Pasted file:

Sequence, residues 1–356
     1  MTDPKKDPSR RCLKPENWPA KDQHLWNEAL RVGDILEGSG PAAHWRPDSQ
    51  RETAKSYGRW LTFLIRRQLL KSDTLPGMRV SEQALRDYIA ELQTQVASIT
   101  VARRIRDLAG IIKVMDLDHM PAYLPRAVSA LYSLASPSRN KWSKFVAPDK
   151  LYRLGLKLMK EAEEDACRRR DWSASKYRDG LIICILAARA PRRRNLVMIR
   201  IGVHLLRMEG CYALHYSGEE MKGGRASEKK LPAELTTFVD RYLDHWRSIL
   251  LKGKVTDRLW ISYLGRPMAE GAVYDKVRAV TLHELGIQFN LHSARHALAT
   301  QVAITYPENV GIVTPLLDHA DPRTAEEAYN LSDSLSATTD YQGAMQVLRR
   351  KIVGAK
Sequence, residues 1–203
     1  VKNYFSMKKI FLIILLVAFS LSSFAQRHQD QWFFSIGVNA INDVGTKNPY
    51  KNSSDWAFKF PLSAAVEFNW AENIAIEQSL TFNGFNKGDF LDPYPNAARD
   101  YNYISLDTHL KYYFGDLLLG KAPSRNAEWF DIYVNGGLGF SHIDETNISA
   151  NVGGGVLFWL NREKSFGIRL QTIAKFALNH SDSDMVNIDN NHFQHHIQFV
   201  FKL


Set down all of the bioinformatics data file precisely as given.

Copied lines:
Sequence, residues 1–356
     1  MTDPKKDPSR RCLKPENWPA KDQHLWNEAL RVGDILEGSG PAAHWRPDSQ
    51  RETAKSYGRW LTFLIRRQLL KSDTLPGMRV SEQALRDYIA ELQTQVASIT
   101  VARRIRDLAG IIKVMDLDHM PAYLPRAVSA LYSLASPSRN KWSKFVAPDK
   151  LYRLGLKLMK EAEEDACRRR DWSASKYRDG LIICILAARA PRRRNLVMIR
   201  IGVHLLRMEG CYALHYSGEE MKGGRASEKK LPAELTTFVD RYLDHWRSIL
   251  LKGKVTDRLW ISYLGRPMAE GAVYDKVRAV TLHELGIQFN LHSARHALAT
   301  QVAITYPENV GIVTPLLDHA DPRTAEEAYN LSDSLSATTD YQGAMQVLRR
   351  KIVGAK
Sequence, residues 1–203
     1  VKNYFSMKKI FLIILLVAFS LSSFAQRHQD QWFFSIGVNA INDVGTKNPY
    51  KNSSDWAFKF PLSAAVEFNW AENIAIEQSL TFNGFNKGDF LDPYPNAARD
   101  YNYISLDTHL KYYFGDLLLG KAPSRNAEWF DIYVNGGLGF SHIDETNISA
   151  NVGGGVLFWL NREKSFGIRL QTIAKFALNH SDSDMVNIDN NHFQHHIQFV
   201  FKL